Digital Imaging Part 1 - The Differences in Raster and Vector Images

This is a series in which we'll explore image file types, compression, resolution, printing tips, and other interesting things you might not have known about digital imaging. This article is about the differences between raster and vector images.
Published: Apr 24, 2006
Author: Stacy Reed
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To anyone just starting out, the huge list of image file types can seem a bit daunting. Understanding the differences in file formats is vital to printing, storing, and sharing your images online. This is a series in which we'll explore image file types, compression, resolution, printing tips, and other interesting things you might not have known about digital imaging. In today's article, I'll address the differences between raster and vector images and show you some software that can help make digital imaging fun for all ages.

Raster (bitmap) images are comprised of pixels. When the computer saves a raster image, in essence, it applies a grid to the image and assigns data to all of the squares in the grid based on their color and location. These squares are called pixels. On the other hand, vector image data is recorded mathematically in terms of geometric shapes, points and lines called primitives. Generally, you will find that vector image files are smaller because they only have to store all those coordinates whereas raster images need to record data for every pixel. However, you'll probably find yourself working more with raster images because they are easier to manipulate, and can record data of photos with more accuracy than vector can, capturing subtle shifts in hues and values. Some popular raster file types you are sure to come across are JPG, GIF, BMP, TIFF and PNG.

Common Raster Editing Applications:

As you can see in the image above, raster images save type as squares, which can cause straight lines to look jagged or fuzzy. The vector image shows the type as flowing lines and points. It's important to note that when I make the raster image larger, the pixels become larger and the text looks worse. Raster images, though they can easily be made smaller, cannot be enlarged without losing quality. This is because the computer recognizes that it must fill a certain amount of empty space so it borrows data from neighboring pixels to fill it. This results in the image looking very blocky or "pixelated". However, when the vector image is enlarged, there isn't any distortion. You can make a vector image as large or as small as you like without ever losing the integrity of the image. They are very easy to edit since each object in the image can be selected and treated individually. Some popular vector file types are AI, SVG, FH, EPS, and WMF.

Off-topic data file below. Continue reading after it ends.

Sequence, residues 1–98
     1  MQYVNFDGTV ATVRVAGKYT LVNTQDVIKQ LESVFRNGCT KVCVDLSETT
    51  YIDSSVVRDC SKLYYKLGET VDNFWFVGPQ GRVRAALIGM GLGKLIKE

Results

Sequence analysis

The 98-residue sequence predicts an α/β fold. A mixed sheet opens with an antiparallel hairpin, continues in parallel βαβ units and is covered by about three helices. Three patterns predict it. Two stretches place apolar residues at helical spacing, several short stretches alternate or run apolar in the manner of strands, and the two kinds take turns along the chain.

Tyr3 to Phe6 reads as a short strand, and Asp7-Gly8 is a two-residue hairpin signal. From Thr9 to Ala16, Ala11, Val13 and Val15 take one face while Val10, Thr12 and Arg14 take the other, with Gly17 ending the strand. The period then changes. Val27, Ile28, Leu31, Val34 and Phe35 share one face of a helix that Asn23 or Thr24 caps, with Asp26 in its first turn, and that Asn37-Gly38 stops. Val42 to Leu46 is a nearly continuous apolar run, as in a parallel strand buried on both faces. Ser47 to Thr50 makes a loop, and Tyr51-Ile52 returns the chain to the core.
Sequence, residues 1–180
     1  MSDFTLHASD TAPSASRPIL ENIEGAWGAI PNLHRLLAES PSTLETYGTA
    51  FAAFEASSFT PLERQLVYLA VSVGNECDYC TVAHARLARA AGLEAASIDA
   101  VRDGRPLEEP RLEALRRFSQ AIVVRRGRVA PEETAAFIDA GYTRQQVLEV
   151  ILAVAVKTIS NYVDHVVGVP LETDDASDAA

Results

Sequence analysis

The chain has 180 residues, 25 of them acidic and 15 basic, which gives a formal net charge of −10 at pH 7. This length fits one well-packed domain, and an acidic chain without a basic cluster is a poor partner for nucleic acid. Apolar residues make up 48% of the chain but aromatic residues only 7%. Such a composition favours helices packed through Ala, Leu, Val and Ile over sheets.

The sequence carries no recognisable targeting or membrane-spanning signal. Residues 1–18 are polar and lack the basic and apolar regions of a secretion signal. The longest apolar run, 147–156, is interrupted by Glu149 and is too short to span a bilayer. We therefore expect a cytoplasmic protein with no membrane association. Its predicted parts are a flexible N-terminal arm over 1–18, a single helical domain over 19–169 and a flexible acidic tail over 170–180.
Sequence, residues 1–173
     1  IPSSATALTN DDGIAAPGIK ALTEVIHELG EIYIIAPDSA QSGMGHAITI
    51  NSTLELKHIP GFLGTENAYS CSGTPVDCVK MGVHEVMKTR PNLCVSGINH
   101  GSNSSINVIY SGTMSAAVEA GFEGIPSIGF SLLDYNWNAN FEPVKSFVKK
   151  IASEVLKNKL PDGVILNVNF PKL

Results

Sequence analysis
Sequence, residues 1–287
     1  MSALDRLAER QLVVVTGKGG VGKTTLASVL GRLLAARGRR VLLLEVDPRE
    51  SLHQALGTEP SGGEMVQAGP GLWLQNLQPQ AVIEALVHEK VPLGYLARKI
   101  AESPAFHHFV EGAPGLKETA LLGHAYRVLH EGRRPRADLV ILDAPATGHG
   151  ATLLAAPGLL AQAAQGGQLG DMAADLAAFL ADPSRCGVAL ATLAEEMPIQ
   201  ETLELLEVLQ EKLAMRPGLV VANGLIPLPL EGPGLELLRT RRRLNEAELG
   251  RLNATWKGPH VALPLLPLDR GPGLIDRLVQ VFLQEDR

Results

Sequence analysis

Common Vector Editing Applications:

Presently, with the exception of Scalable Vector Graphics, one cannot host a vector file within an HTML page. Luckily, you can easily convert a vector image to raster so that it may be used on the Web using the same programs you use for editing. You will be prompted to specify the size of your image and the resolution during the rasterizing process. If the image is to be printed, your raster image should have a resolution of aproximately 300 dpi (dots per inch) so that the human eye cannot see the pixels on the page. If the image is intended for the Web, 72 dpi is plenty large enough since most monitors display at 72 dpi.

While vector images can easily be converted to raster, it is not so easy to convert raster images to vector. There are some programs on the market now that claim they can, however they don't always produce the best results. Technology is always changing for the better though, so if you are interested in this process, you might want to take a look at these applications:

File size, compatibility and most importantly aesthetics should always be considered whenever you are trying to decide which file format you should go with. Take into consideration what the end product is intended for and you can't go wrong. In part 2, we'll discuss ways to compress your digital image files and I'll talk about the differences between lossy and lossless image formats. If you have any suggestions or links to similar programs of interest, I'd love to discuss them with you! Visit the forums by clicking Discuss This Article below.

About Stacy Reed

Stacy Reed is Tucows' resident software librarian and editor. She has been reviewing PC and mobile software as well as web services for over a decade. Helping developers improve and promote their products is only one of her areas of expertise. Stacy is also an advocate for Open Source, Creative Commons and freeware, taking special interest in educational resources, social media, cloud sharing, and mobile technology.

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